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This morning, the United States filed a lawsuit in federal court in Washington, D.C., against the major cigarette companies. In the complaint, the United States alleges that for the past 45 years, the companies that manufacture and sell tobacco have waged an intentional, coordinated campaign of fraud and deceit. As we allege in the complaint, it has been a campaign designed to preserve their enormous profits whatever the cost -- in human lives, human suffering, and in medical resources. The consequences have been staggering: Each year, 400,000 Americans die from smoking cigarettes. And, as a result, each year the federal government -- alone -- spends more than $20 billion dollars in taxpayer money just to treat diseases caused by cigarettes.

Last December, after an extensive review by Justice Department lawyers, I concluded there was a sufficient basis to prepare a litigation plan against the major tobacco companies. And for the last months, lawyers on the Justice Department's Tobacco Litigation Team have worked to develop the facts and the law to make a final decision on whether to proceed. Today, we are moving forward.

Today, we filed a lawsuit that seeks to recover from the tobacco companies the billions of dollars that American taxpayers spend each year on smoke-related illnesses.

As millions of cigarette smokers have gone into the hospital for lung cancer or emphysema, the American taxpayer has footed the bill. And over the years, that bill has added up. Today -- on behalf of the taxpayer -- we are asking the tobacco companies to pay their fair share.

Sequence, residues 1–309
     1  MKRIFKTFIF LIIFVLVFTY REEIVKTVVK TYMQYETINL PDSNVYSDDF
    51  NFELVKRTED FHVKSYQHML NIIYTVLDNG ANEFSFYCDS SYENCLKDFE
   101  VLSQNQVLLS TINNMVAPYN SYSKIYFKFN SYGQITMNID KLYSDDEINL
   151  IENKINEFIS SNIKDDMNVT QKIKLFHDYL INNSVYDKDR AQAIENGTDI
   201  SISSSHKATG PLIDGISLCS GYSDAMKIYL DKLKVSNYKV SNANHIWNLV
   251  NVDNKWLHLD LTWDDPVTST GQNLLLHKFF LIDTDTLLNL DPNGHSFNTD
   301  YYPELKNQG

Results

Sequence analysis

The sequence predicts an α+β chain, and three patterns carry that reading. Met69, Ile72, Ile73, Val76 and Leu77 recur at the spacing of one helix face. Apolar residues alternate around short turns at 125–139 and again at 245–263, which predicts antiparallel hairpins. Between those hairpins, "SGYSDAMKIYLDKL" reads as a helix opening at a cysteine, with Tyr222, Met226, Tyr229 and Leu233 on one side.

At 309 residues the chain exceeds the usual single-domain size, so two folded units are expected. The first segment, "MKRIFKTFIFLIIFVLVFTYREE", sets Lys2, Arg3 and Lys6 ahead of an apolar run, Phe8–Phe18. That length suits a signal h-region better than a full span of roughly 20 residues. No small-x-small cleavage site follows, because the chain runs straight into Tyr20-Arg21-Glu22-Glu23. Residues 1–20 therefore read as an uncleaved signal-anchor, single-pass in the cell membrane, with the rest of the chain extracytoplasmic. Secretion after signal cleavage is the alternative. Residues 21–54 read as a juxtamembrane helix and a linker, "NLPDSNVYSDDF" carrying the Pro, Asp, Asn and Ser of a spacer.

The companies named in today's complaint have long dominated the market for cigarettes in the United States. And, over the last five decades, as discussed in the complaint, they have conducted themselves without regard to the truth, without regard to the law, and without regard to the health and life of the American people.

Internal documents that have come to light in recent years demonstrate that the cigarette companies have known more than they let on....

  • They knew far better than the rest of us that smoking increases the risk of disease and death;
  • They knew that nicotine is extremely addictive,
  • They knew that the success of their business depends on inducing new customers -- typically under 18 years of age -- to become hooked on nicotine. That's why they targeted our youth, and that's why every day nearly 3,000 young people take up smoking.

As our complaint also asserts, the cigarette companies realized -- since at least 1953 -- that the truth poses a mortal threat to their businesses. Rather than divulging what they knew to be true, the companies sought to convince the American public of their concern for the public's well-being. As our complaint makes clear, at no time did they honor that commitment. Instead, at every turn, they denied that smoking causes disease and denied that it is addictive. As the complaint alleges, they placed profits above the public health.

Our goals in this lawsuit are simple:

  • We want to recover health care expenditures paid out by the federal government to treat tobacco-related illnesses;
  • We want to require the tobacco companies to disgorge the funds that they earned through their unlawful conduct;
  • We want to require the tobacco companies, once and for all, to disclose all relevant research on smoking and health; and
  • We want to engage in counter-advertising and other public education campaigns to better warn our young people about the dangers of smoking.

I pledge today that we will work tirelessly to ensure that justice is done.

I now want to introduce David W. Ogden, Acting Assistant Attorney General for the Civil Division, who will discuss the lawsuit in greater detail.